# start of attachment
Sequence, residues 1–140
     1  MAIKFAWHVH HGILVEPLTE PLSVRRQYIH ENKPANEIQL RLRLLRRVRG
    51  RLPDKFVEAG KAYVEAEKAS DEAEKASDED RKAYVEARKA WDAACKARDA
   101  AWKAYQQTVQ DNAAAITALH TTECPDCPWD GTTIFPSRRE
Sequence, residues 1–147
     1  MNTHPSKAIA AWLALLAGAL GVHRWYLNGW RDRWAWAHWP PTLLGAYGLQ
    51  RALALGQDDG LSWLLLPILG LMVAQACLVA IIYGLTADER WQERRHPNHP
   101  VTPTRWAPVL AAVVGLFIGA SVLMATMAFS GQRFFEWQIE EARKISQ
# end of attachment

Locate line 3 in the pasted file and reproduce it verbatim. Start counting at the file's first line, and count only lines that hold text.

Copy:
    51  RLPDKFVEAG KAYVEAEKAS DEAEKASDED RKAYVEARKA WDAACKARDA